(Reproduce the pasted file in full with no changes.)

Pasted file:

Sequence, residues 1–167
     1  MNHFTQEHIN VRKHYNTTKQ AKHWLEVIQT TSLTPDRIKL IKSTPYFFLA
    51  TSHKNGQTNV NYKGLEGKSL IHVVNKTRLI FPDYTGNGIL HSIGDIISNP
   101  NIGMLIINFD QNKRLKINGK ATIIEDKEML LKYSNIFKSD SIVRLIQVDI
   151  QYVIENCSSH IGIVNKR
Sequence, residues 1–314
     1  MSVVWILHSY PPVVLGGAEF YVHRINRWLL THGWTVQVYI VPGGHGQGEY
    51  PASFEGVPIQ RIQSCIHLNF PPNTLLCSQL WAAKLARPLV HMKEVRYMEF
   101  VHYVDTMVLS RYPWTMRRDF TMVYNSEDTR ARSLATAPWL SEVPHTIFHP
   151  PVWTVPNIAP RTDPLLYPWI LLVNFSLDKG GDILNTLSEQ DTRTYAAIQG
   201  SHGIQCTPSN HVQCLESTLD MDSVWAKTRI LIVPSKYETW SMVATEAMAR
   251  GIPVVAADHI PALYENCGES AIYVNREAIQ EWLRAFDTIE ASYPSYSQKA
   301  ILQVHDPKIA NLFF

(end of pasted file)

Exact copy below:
Sequence, residues 1–167
     1  MNHFTQEHIN VRKHYNTTKQ AKHWLEVIQT TSLTPDRIKL IKSTPYFFLA
    51  TSHKNGQTNV NYKGLEGKSL IHVVNKTRLI FPDYTGNGIL HSIGDIISNP
   101  NIGMLIINFD QNKRLKINGK ATIIEDKEML LKYSNIFKSD SIVRLIQVDI
   151  QYVIENCSSH IGIVNKR
Sequence, residues 1–314
     1  MSVVWILHSY PPVVLGGAEF YVHRINRWLL THGWTVQVYI VPGGHGQGEY
    51  PASFEGVPIQ RIQSCIHLNF PPNTLLCSQL WAAKLARPLV HMKEVRYMEF
   101  VHYVDTMVLS RYPWTMRRDF TMVYNSEDTR ARSLATAPWL SEVPHTIFHP
   151  PVWTVPNIAP RTDPLLYPWI LLVNFSLDKG GDILNTLSEQ DTRTYAAIQG
   201  SHGIQCTPSN HVQCLESTLD MDSVWAKTRI LIVPSKYETW SMVATEAMAR
   251  GIPVVAADHI PALYENCGES AIYVNREAIQ EWLRAFDTIE ASYPSYSQKA
   301  ILQVHDPKIA NLFF